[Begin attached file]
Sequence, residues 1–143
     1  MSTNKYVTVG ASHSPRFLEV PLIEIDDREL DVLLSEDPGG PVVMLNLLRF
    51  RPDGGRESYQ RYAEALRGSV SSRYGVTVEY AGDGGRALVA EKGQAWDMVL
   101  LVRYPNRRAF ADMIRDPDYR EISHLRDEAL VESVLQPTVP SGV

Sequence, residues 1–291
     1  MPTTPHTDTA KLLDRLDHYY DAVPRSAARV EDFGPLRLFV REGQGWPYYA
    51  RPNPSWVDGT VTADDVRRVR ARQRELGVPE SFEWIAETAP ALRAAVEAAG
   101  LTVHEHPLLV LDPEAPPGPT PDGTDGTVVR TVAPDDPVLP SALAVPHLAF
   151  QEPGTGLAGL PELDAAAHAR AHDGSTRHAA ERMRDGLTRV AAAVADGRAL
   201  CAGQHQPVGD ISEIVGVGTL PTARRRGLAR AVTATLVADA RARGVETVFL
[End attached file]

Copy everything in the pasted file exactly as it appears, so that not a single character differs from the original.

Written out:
Sequence, residues 1–143
     1  MSTNKYVTVG ASHSPRFLEV PLIEIDDREL DVLLSEDPGG PVVMLNLLRF
    51  RPDGGRESYQ RYAEALRGSV SSRYGVTVEY AGDGGRALVA EKGQAWDMVL
   101  LVRYPNRRAF ADMIRDPDYR EISHLRDEAL VESVLQPTVP SGV

Sequence, residues 1–291
     1  MPTTPHTDTA KLLDRLDHYY DAVPRSAARV EDFGPLRLFV REGQGWPYYA
    51  RPNPSWVDGT VTADDVRRVR ARQRELGVPE SFEWIAETAP ALRAAVEAAG
   101  LTVHEHPLLV LDPEAPPGPT PDGTDGTVVR TVAPDDPVLP SALAVPHLAF
   151  QEPGTGLAGL PELDAAAHAR AHDGSTRHAA ERMRDGLTRV AAAVADGRAL
   201  CAGQHQPVGD ISEIVGVGTL PTARRRGLAR AVTATLVADA RARGVETVFL